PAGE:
bunt sign

Tuesday, April 3, 2001

I've been sifting through the census data, not because I think I'll learn anything important, but just because I'm fascinated by statistics. I noted that Santa Rosa is now the fifth largest city in the Bay Area, behind only San Jose, San Francisco, Oakland and Fremont. 154,000 people live in my town. The city limits signs when I was growing up here said 17,000. That's a stunning explosion.

All my life (and we moved here when I was in third grade), I've thought of Santa Rosa as a sleepy little town, overshadowed by the real cities around us. To go to The City, you had to drive for an hour and cross a bridge. Now we're one of those real cities, but I still don't see that when I look around me. It's there, I know; I just don't see it.

We have a lot of people here now. What we don't have is the kind of diversity that the rest of the area has. Sonoma County hasn't achieved the racial and economic balance of the other Bay Area counties. In other words, we're still mostly (non-Hispanic) white (74.5%), and the cost of living here is skewed so that it'll probably stay that way.

I don't want to live in a place that discourages diversity. It's not intentional, just that this is increasingly a bedroom community for the cities to the south. The business we do have is less and less agricultural, more and more high tech.

This is my home, a real slice of paradise, and I like living here. Part of the reason for the high cost of living is that we've put some restrictions on development, so that the natural beauty of the area isn't obliterated in the name of growth. I have no desire to move, but there might come a time when I have no choice. I don't own property and I'm really lucky to be able to afford the rent on a livable place.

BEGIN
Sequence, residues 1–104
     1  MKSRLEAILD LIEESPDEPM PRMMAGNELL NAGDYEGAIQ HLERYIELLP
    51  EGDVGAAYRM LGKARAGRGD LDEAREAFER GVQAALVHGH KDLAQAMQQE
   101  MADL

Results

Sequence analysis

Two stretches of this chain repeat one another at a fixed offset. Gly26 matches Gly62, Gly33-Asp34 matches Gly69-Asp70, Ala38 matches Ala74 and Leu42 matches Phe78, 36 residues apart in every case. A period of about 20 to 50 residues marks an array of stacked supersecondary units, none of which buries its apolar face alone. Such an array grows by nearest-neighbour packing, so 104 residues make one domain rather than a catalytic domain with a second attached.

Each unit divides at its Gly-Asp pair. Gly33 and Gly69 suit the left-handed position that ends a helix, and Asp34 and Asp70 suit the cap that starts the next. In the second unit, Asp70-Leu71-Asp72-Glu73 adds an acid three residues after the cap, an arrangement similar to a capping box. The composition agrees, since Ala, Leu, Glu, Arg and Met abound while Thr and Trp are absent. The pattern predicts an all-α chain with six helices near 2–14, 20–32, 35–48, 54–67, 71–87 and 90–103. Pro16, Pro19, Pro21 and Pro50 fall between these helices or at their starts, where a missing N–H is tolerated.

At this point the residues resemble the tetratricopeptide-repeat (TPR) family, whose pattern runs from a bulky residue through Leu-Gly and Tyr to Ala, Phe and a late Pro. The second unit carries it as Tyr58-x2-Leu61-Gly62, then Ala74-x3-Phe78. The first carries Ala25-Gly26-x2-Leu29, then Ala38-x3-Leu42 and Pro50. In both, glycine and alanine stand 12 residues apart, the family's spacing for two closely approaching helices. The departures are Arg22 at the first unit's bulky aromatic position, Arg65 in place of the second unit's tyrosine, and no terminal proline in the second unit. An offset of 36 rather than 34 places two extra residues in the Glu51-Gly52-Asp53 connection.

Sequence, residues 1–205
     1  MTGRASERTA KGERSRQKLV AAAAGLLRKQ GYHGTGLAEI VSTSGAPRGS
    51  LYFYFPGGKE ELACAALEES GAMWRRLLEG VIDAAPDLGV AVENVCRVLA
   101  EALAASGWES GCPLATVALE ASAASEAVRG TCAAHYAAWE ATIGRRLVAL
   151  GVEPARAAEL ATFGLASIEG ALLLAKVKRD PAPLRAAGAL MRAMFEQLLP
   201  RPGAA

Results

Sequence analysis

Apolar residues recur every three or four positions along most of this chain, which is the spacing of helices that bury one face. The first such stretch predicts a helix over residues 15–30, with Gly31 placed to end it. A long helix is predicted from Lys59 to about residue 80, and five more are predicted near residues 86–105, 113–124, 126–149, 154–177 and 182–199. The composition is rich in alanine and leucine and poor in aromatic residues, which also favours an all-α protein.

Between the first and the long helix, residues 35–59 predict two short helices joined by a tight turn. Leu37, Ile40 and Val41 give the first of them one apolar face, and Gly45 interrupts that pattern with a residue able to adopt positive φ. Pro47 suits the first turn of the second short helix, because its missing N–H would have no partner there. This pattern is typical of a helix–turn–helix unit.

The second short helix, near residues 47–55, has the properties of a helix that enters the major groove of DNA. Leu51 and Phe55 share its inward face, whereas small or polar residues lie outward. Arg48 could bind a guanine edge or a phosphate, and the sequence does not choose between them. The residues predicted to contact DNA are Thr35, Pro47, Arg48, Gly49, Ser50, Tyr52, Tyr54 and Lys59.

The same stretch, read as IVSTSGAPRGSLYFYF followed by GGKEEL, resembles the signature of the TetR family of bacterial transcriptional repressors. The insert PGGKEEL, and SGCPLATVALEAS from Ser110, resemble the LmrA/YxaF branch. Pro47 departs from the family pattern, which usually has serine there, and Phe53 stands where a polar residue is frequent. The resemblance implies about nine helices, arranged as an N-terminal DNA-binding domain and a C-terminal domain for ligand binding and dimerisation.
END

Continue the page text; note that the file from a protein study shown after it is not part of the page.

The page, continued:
I'll take my spring back now, please. When I got up this morning, it was a ridiculous 35°F here in paradise. I had to turn the furnace back on, despite the level 2 emergency power alert status. And this second morning of the first work week under the new clock settings was worse than the first.

It didn't help that it was the phone, rather than the gentle strains of smooth jazz, that jangled me out of bed today. The Boss suddenly remembered we had to prepay one of our suppliers. Just yesterday I paid off the credit line (at his request). That leaves nothing in the company checking account until I can deposit a (post-dated) check on Friday. To pay this supplier, I had to find a way to cover the check.

I'm afraid I yelled at the Boss, in a whiny kind of way. "I'm never again going to pay off the credit line. I just have to borrow it back, and this time I don't think I can." If the new check posts before the payment is recorded, all kinds of mayhem ensues. Bounced checks, overdraft charges, loss of promotional interest rates. That kind of mayhem.

Then, natch, a big payment that I wasn't expecting showed up in today's mail, and I felt really stupid for making such a big deal out of it all. Things never fail to work out, whether I beat myself up over them or not. So why do I always take the low road? Just my obsessive nature, I guess. I want everything to go smoothly, all the time, and yet I always expect things to go wrong. How rational is that?

red flower

The wind blew most of the afternoon, but the sun was warm enough to get me out in a yard for awhile. I have to keep working at the weeds, or they'll take over. They're already denser than I imagined they could get, especially in the area just outside my front door.

That isn't where I pulled weeds today, though. I just didn't get that far. I dragged the container out of the garage and started yanking things out as soon as I got through the gate and into the garden. I have a couple of rosebushes that I took the trouble to prune, but they were being choked by wild grasses. Not any more.

But I still feel like a jungle creature when I step out the front door.

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Happy birthday, Eric.